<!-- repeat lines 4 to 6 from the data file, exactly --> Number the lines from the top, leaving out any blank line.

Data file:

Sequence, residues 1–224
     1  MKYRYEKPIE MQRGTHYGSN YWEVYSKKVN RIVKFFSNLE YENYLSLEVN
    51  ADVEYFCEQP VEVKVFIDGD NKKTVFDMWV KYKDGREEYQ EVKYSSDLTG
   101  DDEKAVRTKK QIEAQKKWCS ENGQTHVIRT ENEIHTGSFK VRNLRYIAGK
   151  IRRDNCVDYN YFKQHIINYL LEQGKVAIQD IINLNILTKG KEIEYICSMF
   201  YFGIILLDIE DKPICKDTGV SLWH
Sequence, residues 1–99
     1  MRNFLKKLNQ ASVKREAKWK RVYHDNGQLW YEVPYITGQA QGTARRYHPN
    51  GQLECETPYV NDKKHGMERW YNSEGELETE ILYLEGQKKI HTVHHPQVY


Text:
   101  DDEKAVRTKK QIEAQKKWCS ENGQTHVIRT ENEIHTGSFK VRNLRYIAGK
   151  IRRDNCVDYN YFKQHIINYL LEQGKVAIQD IINLNILTKG KEIEYICSMF
   201  YFGIILLDIE DKPICKDTGV SLWH